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New Directions in Law and Literature$
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Elizabeth S. Anker and Bernadette Meyler

Print publication date: 2017

Print ISBN-13: 9780190456368

Published to Oxford Scholarship Online: June 2017

DOI: 10.1093/acprof:oso/9780190456368.001.0001

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Genocide by Other Means

Genocide by Other Means

US Federal Indian Law and Violence against Native Women in Louise Erdrich’s The Round House

Chapter:
(p.264) Chapter 15 Genocide by Other Means
Source:
New Directions in Law and Literature
Author(s):

Eric Cheyfitz

Shari M. Huhndorf

Publisher:
Oxford University Press
DOI:10.1093/acprof:oso/9780190456368.003.0016

Louise Erdrich’s prize-winning novel The Round House tells a story about rape on the reservation that reflects on alarmingly high rates of sexual violence against Native women and the roots of this violence in federal Indian law. This chapter takes the novel as a starting point for analyzing contrasts between indigenous and European conceptions of law, including the relationship between law and literature, and the ways that federal Indian law has historically served as an instrument of genocide and colonial expansion. Erdrich’s novel, the chapter argues, draws out the material consequences of the legal and political disempowerment of tribes and the imposition of federal legal authority, and it upholds tribal law as providing the sole path to justice in colonial contexts.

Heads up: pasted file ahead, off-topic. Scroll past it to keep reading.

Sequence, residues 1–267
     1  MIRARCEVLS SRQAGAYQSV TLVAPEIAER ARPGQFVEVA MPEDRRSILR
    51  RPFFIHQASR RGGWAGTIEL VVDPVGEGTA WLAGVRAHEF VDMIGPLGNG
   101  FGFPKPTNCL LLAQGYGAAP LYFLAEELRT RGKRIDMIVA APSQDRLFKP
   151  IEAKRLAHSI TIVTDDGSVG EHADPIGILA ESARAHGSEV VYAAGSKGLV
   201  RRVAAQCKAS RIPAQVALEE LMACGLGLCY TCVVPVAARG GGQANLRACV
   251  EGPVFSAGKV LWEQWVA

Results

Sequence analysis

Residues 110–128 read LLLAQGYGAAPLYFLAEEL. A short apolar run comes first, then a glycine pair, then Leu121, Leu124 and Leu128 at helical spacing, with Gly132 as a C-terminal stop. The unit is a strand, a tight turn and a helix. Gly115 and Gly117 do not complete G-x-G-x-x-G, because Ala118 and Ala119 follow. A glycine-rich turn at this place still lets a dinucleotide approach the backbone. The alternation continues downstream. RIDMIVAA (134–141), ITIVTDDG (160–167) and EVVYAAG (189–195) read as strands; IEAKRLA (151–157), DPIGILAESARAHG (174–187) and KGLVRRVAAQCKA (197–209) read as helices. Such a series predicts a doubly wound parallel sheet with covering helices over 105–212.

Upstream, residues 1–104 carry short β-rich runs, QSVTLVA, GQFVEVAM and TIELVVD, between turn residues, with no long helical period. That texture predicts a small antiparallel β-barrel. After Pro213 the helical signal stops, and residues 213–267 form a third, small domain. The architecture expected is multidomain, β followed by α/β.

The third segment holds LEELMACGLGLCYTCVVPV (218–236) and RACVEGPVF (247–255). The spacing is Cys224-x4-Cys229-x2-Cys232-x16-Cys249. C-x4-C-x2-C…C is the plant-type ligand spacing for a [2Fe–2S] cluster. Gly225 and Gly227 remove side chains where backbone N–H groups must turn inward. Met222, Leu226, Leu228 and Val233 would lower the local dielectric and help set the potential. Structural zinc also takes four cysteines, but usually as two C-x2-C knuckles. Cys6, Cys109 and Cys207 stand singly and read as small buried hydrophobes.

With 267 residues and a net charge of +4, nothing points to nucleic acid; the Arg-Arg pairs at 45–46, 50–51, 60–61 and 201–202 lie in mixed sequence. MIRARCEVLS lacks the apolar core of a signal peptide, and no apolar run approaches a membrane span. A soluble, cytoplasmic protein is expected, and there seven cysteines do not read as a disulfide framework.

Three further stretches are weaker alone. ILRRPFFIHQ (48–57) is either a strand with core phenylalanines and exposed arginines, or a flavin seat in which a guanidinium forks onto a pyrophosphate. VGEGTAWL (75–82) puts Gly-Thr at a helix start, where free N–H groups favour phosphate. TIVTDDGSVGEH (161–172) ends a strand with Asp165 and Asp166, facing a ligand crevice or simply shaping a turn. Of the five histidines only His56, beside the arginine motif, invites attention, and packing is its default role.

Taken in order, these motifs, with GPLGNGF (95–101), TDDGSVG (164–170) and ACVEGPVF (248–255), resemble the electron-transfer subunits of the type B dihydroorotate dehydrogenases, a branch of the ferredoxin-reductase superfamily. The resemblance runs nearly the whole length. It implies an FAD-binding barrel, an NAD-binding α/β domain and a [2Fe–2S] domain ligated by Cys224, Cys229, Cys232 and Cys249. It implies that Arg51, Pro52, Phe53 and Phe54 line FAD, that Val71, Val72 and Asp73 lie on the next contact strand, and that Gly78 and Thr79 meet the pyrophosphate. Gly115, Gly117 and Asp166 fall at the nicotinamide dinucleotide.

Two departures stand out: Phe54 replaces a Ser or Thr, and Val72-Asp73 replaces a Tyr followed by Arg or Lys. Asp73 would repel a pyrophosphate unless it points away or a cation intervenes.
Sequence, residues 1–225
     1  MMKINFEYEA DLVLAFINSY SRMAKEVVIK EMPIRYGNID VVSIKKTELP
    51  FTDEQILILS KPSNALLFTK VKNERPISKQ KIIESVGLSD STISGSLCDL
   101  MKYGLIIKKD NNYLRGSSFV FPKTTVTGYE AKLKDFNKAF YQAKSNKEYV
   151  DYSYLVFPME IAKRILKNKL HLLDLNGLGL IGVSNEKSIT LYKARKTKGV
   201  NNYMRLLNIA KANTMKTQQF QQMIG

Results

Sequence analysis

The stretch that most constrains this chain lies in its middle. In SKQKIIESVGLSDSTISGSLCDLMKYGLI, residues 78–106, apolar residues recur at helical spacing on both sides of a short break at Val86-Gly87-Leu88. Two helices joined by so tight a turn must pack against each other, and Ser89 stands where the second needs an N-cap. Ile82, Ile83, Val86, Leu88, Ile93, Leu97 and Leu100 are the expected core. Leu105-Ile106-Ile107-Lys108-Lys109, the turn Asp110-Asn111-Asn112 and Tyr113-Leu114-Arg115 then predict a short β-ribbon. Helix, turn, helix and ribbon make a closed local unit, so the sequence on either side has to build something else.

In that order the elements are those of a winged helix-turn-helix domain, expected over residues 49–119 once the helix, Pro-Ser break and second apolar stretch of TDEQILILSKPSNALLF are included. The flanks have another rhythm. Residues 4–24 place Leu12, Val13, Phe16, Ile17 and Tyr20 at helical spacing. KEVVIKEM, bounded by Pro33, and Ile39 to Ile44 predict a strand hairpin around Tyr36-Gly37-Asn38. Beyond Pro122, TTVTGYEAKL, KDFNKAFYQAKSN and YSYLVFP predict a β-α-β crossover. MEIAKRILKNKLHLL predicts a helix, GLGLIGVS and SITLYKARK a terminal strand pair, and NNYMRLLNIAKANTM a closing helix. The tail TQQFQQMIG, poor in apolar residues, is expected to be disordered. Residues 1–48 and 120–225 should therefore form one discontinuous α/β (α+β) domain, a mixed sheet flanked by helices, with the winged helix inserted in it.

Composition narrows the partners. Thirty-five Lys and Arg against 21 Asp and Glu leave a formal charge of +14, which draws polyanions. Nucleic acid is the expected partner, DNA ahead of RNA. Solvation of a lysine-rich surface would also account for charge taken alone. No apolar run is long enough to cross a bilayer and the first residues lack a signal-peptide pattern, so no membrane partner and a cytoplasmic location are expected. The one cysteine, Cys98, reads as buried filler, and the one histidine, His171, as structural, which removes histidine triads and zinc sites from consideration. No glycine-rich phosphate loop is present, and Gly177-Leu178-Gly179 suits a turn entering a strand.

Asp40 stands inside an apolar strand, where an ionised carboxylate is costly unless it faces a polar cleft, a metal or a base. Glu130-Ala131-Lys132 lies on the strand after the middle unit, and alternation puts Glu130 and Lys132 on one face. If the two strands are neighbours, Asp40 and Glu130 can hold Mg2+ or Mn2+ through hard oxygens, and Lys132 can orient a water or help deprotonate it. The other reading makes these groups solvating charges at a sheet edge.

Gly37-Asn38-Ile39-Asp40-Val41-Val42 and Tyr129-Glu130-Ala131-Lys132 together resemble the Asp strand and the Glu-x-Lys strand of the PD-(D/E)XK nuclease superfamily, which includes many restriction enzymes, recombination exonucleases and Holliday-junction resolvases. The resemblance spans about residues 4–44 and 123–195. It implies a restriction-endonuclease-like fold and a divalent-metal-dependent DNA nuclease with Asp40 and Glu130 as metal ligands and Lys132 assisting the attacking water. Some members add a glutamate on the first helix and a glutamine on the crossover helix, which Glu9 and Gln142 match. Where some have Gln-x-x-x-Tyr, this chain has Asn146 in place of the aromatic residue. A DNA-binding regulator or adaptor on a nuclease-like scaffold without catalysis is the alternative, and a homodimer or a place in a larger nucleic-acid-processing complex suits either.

Keywords:   federal Indian law, tribal law, sexual violence, Native American literature, Native American women, genocide, Louise Erdrich, The Round House

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